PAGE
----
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Tech
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4-min read

Q&A With MP Graham Stuart: Indian Companies in UK Contribute More Than £48 Billion Turnover

Brexit has not had any impact on investments from India in the UK. In fact, the investments from India have increased, for technology in particular.

Vishal Mathur | @vishalmathur85

Updated:June 11, 2019, 10:22 AM IST
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Q&A With MP Graham Stuart: Indian Companies in UK Contribute More Than £48 Billion Turnover
Mr. Graham Stuart, Member of Parliament of the United Kingdom and UK Investment Minister talks about the UK and India tech partnership (Photo: News18)
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At the London Tech Week 2019, there is a significant focus on India and the India-UK partnerships. The UK believes that India presents huge opportunities for a partnership on the development as well as sharing of technology, and also for investment. According to official figures as of April, there were 842 Indian companies operating in the UK at the end of 2018, and it is expected that Indian investment in the UK would outpace both China and Japan. With the launch of the Infosys Experience Design and Innovation Studio in Shoreditch, London providing the perhaps perfect backdrop, News18 sat down with Mr. Graham Stuart, Member of Parliament of the United Kingdom and UK Investment Minister to discuss a variety of issues, including the ongoing London Tech Week, the current state of investments in the UK and whether the uncertainty around Brexit has forced investors to hold back. Edited excerpts.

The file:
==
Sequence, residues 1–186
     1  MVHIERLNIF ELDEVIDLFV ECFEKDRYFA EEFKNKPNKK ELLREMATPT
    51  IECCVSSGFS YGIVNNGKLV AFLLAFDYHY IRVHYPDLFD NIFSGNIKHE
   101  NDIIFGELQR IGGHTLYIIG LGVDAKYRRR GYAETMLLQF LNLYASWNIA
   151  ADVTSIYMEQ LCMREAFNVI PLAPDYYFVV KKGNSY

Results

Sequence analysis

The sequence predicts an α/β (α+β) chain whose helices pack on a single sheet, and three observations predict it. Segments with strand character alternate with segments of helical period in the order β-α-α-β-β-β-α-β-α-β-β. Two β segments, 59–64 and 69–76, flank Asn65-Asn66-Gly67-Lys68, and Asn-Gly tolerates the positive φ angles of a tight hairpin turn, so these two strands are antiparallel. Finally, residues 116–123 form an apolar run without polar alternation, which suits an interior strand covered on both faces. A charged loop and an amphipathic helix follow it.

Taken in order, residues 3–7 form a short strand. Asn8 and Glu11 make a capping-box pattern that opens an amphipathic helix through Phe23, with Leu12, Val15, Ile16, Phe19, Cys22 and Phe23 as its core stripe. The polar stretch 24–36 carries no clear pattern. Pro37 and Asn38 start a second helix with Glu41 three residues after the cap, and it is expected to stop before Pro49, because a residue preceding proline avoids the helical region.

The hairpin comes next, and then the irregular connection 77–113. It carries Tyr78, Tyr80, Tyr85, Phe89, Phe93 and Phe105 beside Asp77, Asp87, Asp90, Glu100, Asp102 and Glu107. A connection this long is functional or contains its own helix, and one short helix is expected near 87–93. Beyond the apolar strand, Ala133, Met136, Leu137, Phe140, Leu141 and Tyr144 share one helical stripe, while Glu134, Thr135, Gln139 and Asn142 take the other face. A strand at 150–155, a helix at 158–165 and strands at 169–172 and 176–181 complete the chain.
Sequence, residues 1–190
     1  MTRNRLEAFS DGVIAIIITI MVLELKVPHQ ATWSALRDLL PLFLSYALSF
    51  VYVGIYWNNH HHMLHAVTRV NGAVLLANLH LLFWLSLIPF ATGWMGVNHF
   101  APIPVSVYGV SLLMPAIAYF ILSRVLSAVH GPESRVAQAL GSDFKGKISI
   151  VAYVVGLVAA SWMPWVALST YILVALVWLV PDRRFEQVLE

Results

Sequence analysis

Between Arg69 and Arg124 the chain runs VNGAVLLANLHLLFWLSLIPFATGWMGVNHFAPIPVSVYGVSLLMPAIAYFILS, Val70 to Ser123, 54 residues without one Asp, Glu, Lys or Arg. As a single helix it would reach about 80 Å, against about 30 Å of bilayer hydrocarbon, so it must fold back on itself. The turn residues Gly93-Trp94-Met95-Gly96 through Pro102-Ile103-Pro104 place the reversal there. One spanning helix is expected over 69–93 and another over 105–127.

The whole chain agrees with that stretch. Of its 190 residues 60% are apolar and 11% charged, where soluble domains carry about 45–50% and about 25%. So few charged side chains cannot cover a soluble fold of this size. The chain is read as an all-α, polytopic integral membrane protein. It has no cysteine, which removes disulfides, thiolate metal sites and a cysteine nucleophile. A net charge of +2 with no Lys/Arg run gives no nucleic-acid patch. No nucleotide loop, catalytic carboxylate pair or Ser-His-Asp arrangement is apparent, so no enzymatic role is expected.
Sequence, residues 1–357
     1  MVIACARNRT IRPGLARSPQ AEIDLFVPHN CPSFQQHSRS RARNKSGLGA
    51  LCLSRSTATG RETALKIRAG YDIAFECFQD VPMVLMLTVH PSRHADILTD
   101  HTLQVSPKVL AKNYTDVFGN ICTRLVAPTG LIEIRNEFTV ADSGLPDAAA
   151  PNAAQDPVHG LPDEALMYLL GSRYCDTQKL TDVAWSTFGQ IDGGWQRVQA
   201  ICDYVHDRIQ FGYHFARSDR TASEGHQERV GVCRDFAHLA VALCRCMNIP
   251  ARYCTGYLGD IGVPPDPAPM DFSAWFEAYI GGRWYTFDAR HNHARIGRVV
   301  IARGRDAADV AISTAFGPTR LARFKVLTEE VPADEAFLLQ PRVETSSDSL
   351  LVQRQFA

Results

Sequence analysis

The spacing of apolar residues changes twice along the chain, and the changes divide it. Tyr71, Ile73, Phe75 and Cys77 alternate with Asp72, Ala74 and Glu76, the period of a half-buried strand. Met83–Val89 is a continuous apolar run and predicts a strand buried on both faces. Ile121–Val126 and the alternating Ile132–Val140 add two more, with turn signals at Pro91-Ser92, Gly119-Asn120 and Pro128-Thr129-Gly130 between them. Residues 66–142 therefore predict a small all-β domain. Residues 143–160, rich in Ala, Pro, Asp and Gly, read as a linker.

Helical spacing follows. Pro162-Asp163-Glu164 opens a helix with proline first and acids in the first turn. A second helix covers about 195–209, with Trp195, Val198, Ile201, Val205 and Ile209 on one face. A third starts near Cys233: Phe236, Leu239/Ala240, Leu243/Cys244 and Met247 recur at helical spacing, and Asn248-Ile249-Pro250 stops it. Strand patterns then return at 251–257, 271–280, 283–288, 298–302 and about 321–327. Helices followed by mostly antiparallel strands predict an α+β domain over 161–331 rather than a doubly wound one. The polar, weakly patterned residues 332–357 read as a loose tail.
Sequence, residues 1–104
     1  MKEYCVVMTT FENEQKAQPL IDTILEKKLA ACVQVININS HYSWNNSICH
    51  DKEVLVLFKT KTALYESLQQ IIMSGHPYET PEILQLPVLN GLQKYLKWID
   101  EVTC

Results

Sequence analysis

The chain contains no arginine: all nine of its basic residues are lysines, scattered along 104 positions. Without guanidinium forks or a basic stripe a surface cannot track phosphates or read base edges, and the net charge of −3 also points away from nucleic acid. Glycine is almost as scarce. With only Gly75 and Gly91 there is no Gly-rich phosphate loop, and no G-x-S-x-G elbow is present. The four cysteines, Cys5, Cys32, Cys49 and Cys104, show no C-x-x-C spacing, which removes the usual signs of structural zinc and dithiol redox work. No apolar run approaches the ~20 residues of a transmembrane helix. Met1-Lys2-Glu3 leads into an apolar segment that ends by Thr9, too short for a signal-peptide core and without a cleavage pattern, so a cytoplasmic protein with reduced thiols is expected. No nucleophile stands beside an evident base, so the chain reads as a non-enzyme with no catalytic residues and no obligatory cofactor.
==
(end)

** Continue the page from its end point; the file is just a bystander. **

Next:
This is the largest ever London Tech Week, what was the idea behind widening the scope this year?

I am delighted to say that the UK is the tech and digital investment destination of choice for the world’s biggest tech firms. In fact, if you look at Indian firms, they invest more in the UK than they do in the rest of the EU put together. London Tech Week is a huge opportunity for us to showcase the best of British innovation and technology, a lot of that of course produced and informed by the international companies who come here. So that’s what this is all about.

More than 55,000 people will be attending more than 300 events. And my departments which is the Department for International Trade, has more than 600 investors and companies and are putting on 15 events just on our own.

What is the current state of the tech partnership between the UK and India?

I was delighted to open the UK Tech Hub earlier this year, and it is a sign of the close cooperation between India and the UK. Prime Ministers Modi and May worked together to see that realised, and now there are more than a 1,10,000 people in the UK working for Indian firms. We saw the number of Indian firms in the UK go up beyond 850 and the turnover just from the Indian firms in the UK is more than £48 billion.

With the re-elected Narendra Modi government in India in place, how important would it be for the new UK government to expand the tech partnerships with India?